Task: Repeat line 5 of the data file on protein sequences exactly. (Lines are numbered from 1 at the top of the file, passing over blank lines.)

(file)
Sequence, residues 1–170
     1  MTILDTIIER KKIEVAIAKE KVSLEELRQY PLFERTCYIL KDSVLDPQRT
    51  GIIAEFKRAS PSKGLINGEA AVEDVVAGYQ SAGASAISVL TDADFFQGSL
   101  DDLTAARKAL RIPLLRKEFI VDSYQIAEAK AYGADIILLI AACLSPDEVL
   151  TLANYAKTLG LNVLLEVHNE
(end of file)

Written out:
   151  TLANYAKTLG LNVLLEVHNE